|Publication number||US5474298 A|
|Application number||US 08/167,815|
|Publication date||Dec 12, 1995|
|Filing date||Jun 18, 1992|
|Priority date||Jun 18, 1991|
|Also published as||CA2111857A1, DE69226864D1, DE69226864T2, EP0589969A1, EP0589969B1, WO1992022358A1|
|Publication number||08167815, 167815, PCT/1992/1105, PCT/GB/1992/001105, PCT/GB/1992/01105, PCT/GB/92/001105, PCT/GB/92/01105, PCT/GB1992/001105, PCT/GB1992/01105, PCT/GB1992001105, PCT/GB199201105, PCT/GB92/001105, PCT/GB92/01105, PCT/GB92001105, PCT/GB9201105, US 5474298 A, US 5474298A, US-A-5474298, US5474298 A, US5474298A|
|Inventors||Norman M. Lindsay|
|Original Assignee||Lindsay; Norman M.|
|Export Citation||BiBTeX, EndNote, RefMan|
|Patent Citations (23), Non-Patent Citations (5), Referenced by (58), Classifications (7), Legal Events (11)|
|External Links: USPTO, USPTO Assignment, Espacenet|
1. Field of the Invention
This invention relates to apparatus for detecting measuring and/or displaying differences from the desired ideal performance characteristics of a golf swing. The apparatus may be used to track the motion and orientation of the clubhead during the execution of a golf swing.
2. Description of the Prior Art
Several forms of such apparatus are known. In one known type of apparatus the position and orientation of the clubhead during a golf swing is sensed by an array of narrow beam electro-optical sensors. In a typical array, two parallel rows of closely spaced electro-optical sensors are mounted at ground level behind the initial tee position of a golf ball. The two rows of electro-optical sensors are perpendicular to the straight swing path that is the nominally correct, undeviated line of swing. One row of the electro-optical sensors is set slightly behind the tee position, and the other row of electro-optical sensors is set a further distance behind, the separation of the two rows being by some known distance. The clubhead swing trajectory starts from behind the tee position and, during a golf swing, an electrical signal change is generated in any given electro-optical sensor circuit when the clubhead passes vertically above the electro-optical sensor. By monitoring all of the electrical signals from the array, the position and inclination of the clubhead as it sweeps above each row can be computed. From this, the angle of swing, the skewness of the clubhead and its offset from centre can be computed. The speed of the clubhead, averaged across the sensor zones, can also be computed, this being proportional to the row separation and to the inverse of the time taken by the clubhead to traverse the two rows, assuming small swing angle deviations from the normal.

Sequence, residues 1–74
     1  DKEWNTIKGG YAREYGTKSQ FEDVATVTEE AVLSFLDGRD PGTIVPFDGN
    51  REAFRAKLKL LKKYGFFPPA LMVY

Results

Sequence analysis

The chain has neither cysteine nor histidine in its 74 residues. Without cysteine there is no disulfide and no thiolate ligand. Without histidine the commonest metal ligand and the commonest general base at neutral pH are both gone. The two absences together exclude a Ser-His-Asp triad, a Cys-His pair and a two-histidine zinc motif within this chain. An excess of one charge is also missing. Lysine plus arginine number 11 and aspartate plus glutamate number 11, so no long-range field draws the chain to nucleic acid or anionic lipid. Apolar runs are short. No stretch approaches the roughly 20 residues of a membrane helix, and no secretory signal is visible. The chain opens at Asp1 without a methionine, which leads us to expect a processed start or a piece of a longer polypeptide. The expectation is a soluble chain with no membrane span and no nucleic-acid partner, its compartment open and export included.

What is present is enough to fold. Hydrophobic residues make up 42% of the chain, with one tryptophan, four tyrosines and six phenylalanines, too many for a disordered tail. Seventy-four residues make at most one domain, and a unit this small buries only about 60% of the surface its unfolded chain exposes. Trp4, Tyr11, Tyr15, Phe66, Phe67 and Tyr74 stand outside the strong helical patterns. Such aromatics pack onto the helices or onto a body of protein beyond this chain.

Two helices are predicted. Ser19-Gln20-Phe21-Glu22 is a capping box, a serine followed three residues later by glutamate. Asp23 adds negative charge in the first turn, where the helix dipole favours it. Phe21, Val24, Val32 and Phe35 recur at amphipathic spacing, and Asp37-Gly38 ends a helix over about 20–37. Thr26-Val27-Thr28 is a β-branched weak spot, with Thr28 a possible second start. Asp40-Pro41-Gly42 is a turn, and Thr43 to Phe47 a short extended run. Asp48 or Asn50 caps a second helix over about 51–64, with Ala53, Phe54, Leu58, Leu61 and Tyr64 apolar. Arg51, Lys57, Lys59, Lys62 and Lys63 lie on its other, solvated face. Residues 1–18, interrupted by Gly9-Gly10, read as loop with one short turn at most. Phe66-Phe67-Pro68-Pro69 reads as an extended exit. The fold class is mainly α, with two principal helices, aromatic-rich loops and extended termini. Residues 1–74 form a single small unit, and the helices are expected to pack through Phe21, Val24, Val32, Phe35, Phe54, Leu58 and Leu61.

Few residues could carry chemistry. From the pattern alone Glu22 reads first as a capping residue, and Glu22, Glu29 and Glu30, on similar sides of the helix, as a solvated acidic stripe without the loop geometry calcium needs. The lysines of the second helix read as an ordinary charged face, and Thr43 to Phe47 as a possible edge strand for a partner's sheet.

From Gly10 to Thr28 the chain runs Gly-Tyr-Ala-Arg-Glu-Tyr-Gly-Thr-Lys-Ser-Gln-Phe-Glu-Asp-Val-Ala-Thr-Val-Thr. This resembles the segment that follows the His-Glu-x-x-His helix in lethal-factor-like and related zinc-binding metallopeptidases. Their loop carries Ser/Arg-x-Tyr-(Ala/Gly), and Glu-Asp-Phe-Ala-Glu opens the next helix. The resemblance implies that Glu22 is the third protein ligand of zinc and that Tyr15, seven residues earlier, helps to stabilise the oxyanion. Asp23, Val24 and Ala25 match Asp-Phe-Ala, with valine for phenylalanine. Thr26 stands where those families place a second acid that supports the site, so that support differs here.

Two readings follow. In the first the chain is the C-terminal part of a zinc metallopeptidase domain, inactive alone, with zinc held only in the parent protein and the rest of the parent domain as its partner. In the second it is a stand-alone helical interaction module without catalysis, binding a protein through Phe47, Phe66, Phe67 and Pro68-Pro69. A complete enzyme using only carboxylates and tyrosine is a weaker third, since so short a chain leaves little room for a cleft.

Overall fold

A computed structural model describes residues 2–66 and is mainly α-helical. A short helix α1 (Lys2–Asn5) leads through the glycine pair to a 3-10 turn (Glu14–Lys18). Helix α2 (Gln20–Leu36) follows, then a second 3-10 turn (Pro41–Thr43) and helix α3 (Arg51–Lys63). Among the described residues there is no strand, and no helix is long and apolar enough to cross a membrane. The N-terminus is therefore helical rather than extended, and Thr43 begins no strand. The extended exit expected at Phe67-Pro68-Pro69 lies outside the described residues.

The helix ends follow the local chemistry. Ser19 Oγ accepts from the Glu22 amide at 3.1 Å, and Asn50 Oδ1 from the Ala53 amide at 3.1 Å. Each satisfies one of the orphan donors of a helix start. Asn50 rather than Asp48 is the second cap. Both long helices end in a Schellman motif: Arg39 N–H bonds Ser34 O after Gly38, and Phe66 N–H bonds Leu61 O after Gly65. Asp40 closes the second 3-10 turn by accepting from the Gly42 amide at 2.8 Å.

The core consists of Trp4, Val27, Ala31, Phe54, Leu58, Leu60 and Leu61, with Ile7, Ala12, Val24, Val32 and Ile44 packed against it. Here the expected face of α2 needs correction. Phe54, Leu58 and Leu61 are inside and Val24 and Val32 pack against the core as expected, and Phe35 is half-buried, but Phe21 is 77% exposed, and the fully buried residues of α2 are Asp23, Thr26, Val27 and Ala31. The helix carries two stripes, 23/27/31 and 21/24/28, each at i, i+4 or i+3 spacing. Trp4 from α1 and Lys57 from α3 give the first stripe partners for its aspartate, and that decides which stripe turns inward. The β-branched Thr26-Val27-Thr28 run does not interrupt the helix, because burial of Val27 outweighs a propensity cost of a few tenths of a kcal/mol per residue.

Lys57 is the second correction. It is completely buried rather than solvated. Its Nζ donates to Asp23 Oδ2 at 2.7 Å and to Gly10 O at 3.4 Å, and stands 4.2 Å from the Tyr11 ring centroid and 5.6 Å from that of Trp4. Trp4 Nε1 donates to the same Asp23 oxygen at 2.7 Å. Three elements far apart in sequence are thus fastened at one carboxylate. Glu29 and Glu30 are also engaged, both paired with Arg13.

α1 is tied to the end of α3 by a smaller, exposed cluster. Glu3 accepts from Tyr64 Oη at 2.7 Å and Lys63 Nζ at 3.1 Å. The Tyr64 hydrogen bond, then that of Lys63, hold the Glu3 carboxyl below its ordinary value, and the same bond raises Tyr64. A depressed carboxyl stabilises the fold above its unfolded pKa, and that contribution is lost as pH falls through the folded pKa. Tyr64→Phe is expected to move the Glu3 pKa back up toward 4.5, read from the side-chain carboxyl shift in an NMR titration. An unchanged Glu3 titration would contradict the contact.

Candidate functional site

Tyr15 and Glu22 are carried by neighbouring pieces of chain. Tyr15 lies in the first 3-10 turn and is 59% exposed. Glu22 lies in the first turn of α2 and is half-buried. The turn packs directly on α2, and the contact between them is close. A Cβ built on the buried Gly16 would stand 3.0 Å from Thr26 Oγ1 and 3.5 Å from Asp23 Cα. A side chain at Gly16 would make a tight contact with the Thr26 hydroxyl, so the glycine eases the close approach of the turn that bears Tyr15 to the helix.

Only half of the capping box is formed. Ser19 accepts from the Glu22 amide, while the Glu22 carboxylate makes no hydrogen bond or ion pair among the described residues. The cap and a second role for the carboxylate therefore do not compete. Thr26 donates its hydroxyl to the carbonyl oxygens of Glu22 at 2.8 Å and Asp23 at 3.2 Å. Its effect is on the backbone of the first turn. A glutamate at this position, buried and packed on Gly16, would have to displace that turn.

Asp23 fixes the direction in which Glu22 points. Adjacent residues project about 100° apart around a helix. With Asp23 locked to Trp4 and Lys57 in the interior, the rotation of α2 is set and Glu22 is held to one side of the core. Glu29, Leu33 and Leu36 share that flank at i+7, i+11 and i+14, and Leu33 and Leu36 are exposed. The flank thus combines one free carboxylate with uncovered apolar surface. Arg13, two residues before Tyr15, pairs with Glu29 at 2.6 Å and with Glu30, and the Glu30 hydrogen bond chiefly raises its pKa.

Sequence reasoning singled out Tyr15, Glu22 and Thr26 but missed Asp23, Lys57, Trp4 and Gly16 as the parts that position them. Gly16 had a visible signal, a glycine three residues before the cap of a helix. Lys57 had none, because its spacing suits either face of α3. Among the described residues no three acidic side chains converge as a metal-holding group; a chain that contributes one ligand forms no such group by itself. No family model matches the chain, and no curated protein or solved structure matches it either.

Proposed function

The above mentioned known apparatus suffers from the disadvantage that a large number of the electro-optical sensors is required because a large number of discrete points are monitored. This in turn leads to increased manufacturing costs and complexity of equipment.
Another type of apparatus depends upon magnetic sensors located in and around the notional impact area and upon their magnetic interaction with the metal of the club head, or in some cases with metal and magnetic inserts specially placed in the club head. Changes in the magnetic fields are picked up at the sensors and can be displayed digitally, or manifested as a diagnostic round or visual signal. Examples of such equipment are described in GB 2135199B, GB 2150841B, GB 2110939B, U.S. Pat. No. 4,844,469, U.S. Pat. No. 4,451,043, GB 2217995A and GB 2223952A.